We describe some recent results on the probabilistic analysis of linear programming (LP) decoding of low-density parity-check (LDPC) codes. Specifically, we show that for a random LDPC code ensemble, the linear programming decoder of Feldman et al. succeeds in correcting a constant fraction of errors with high probability. The fraction of correctable errors guaranteed by our analysis surpasses all prior non-asymptotic results for LDPC codes, and in particular exceeds the best previous finite-length result on LP decoding by a factor greater than ten. This improvement stems in part from our analysis of probabilistic bit-flipping channels, as opposed to adversarial channels. At the core of our analysis is a novel combinatorial characterization of LP decoding success, based on the notion of a generalized matching. An interesting by-product of our analysis is to establish the existence of ``almost expansion'' in random bipartite graphs, in which one requires only that almost every (as opposed to every) set of a certain size expands, with expansion coefficients larger than the classical worst-case setting.

Speaker: Yair Weiss, HU Jerusalem

Title: Linear Programming and Belief Propagation - Theory and Experiments

I will briefly survey the surprising connection between max-product belief propagation and linear programming relaxations. In particular, I will show that this connection holds for a large number of belief propagation variants. I will then show how we have used this connection to solve hard problems in computer vision and computational biology.

Speaker: Dror Weitz, Tel-Aviv

Title: Counting independent sets up to the tree threshold

We present an exact tree representation for the marginal distribution at a vertex in binary-spin systems on general graphs. Our tree consists of the tree of self-avoiding walks starting at the relevant vertex together with an appropriate boundary condition imposed on a subset of the leaves. This novel representation allows us to identify the regular tree as the worst-case graph (among graphs with the same maximum degree) for Strong Spatial Mixing (a certain notion for decay of correlations with distance in the stationary distribution). In addition, if the spin system on the regular tree of degree D exhibits SSM (Strong Spatial Mixing), then using our tree representation we obtain a simple deterministic fully-polynomial approximation scheme for calculating the partition function of the spin system on all graphs of maximum degree D. Applying the above to the hard-core gas model (independent sets) with activity \lambda, and by establishing that this model on the regular tree of degree D exhibits SSM all the way up to the critical activity for uniqueness of the Gibbs measure (denoted \\lambda_c (D) ), we obtain the following two results: a) For all graphs $G$ of maximum degree D and for all \lambda < \lambda_c (D), the Gibbs measure of the hard-core model on G with activity \lambda is unique. This proves a conjecture posed by Alan Sokal, and extends the proven regime of uniqueness for many interesting graphs, including the square integer lattice Z^2. b) For any fixed D and for all \lambda < \lambda_c (D) there is a fully polynomial approximation scheme for the partition function of the hard-core model with activity \lambda on any graph of maximum degree D. This extends the regime of \lambda (as a function of D) for which an efficient approximation scheme is known to exist, and includes the interesting case of \\lambda=1 (all independent sets are equally weighted) and maximum degree D=5. If time permits, I will also mention some recent evidence suggesting that \lambda_c(D) is in fact the threshold for the algorithmic problem as well (i.e., that the latter bound for efficient approximation is tight).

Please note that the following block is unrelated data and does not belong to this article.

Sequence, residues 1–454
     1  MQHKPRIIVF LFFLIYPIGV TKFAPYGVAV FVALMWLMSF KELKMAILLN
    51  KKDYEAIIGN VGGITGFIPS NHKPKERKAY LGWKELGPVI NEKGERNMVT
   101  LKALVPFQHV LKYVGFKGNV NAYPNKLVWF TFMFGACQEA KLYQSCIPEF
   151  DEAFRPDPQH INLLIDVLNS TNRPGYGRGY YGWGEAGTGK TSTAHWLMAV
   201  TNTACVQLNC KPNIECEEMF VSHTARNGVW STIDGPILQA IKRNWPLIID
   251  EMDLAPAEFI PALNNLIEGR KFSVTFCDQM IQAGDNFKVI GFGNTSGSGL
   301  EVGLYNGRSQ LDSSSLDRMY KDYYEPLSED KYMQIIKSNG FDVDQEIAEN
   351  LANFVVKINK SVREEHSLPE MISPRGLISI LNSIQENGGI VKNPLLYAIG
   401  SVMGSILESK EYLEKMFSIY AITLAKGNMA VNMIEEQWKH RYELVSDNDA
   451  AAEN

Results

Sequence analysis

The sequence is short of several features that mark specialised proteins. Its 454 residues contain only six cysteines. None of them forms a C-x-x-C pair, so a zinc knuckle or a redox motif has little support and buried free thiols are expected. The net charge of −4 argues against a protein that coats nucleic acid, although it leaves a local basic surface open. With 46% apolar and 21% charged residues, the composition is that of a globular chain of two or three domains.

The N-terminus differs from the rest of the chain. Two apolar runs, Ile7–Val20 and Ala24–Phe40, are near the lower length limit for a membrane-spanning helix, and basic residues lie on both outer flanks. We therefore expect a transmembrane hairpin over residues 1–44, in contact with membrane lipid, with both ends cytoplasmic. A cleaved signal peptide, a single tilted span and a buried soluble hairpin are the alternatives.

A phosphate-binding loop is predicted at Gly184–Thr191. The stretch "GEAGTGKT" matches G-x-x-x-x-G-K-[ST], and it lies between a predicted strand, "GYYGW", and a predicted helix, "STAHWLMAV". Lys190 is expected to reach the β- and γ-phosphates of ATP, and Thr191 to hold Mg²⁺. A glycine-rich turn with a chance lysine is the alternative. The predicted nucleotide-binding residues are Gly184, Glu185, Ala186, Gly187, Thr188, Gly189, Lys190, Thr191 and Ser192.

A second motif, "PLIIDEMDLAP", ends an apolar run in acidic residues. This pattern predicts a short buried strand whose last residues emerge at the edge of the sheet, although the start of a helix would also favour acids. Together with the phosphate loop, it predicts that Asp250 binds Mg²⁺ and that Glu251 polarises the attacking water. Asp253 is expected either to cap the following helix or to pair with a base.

Speaker: Jonathan Yedidia, Mitsubishi Research

Title: Multi-cellular Logic Circuits

I present a simple model of the underlying logic of multi-cellular organisms, and exploit the model to design multi-cellular logic circuits. In this model, an organism or circuit consists of a set of cells containing identical logic units. The logic units compute an output signal that is a fixed function of their input signals. Three kinds of signals are used: "factor" signals which target logic units in the same cell, "inter-cellular" signals which target logic units in neighboring cells, and "developmental" signals which either trigger developmental events like cell division, or are used to mark the results of developmental events. In the model, a logic circuit is always initialized as a single cell, and undergoes a developmental phase (to be simulated in software) until it reaches a fixed "adult" configuration, which can be implemented in hardware. The adult logic circuit consists of many identical cells, differing only in their history and neighbors, and should compute a desired input- output function. I give an example of the overall design strategy by presenting a multi-cellular logic circuit for a random-access memory.